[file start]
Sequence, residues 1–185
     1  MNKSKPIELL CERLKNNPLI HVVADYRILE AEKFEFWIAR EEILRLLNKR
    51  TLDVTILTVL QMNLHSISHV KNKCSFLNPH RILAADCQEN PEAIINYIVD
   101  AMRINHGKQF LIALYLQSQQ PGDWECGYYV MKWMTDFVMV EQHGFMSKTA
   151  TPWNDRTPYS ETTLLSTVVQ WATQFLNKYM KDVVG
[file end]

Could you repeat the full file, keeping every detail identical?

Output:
Sequence, residues 1–185
     1  MNKSKPIELL CERLKNNPLI HVVADYRILE AEKFEFWIAR EEILRLLNKR
    51  TLDVTILTVL QMNLHSISHV KNKCSFLNPH RILAADCQEN PEAIINYIVD
   101  AMRINHGKQF LIALYLQSQQ PGDWECGYYV MKWMTDFVMV EQHGFMSKTA
   151  TPWNDRTPYS ETTLLSTVVQ WATQFLNKYM KDVVG